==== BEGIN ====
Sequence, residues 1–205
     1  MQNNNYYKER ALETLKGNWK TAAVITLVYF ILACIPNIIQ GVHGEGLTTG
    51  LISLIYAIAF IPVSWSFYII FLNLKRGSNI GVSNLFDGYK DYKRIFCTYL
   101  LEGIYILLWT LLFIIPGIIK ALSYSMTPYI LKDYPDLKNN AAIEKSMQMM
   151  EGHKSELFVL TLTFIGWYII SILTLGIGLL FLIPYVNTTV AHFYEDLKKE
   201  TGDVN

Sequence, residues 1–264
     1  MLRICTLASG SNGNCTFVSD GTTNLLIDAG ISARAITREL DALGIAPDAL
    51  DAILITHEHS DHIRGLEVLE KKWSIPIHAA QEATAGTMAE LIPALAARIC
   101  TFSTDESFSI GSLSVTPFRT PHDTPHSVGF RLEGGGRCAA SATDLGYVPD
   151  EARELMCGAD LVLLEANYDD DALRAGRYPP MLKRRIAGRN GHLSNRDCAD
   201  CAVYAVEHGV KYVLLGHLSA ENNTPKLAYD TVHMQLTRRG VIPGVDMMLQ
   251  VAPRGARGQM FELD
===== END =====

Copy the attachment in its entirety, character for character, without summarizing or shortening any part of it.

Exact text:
Sequence, residues 1–205
     1  MQNNNYYKER ALETLKGNWK TAAVITLVYF ILACIPNIIQ GVHGEGLTTG
    51  LISLIYAIAF IPVSWSFYII FLNLKRGSNI GVSNLFDGYK DYKRIFCTYL
   101  LEGIYILLWT LLFIIPGIIK ALSYSMTPYI LKDYPDLKNN AAIEKSMQMM
   151  EGHKSELFVL TLTFIGWYII SILTLGIGLL FLIPYVNTTV AHFYEDLKKE
   201  TGDVN

Sequence, residues 1–264
     1  MLRICTLASG SNGNCTFVSD GTTNLLIDAG ISARAITREL DALGIAPDAL
    51  DAILITHEHS DHIRGLEVLE KKWSIPIHAA QEATAGTMAE LIPALAARIC
   101  TFSTDESFSI GSLSVTPFRT PHDTPHSVGF RLEGGGRCAA SATDLGYVPD
   151  EARELMCGAD LVLLEANYDD DALRAGRYPP MLKRRIAGRN GHLSNRDCAD
   201  CAVYAVEHGV KYVLLGHLSA ENNTPKLAYD TVHMQLTRRG VIPGVDMMLQ
   251  VAPRGARGQM FELD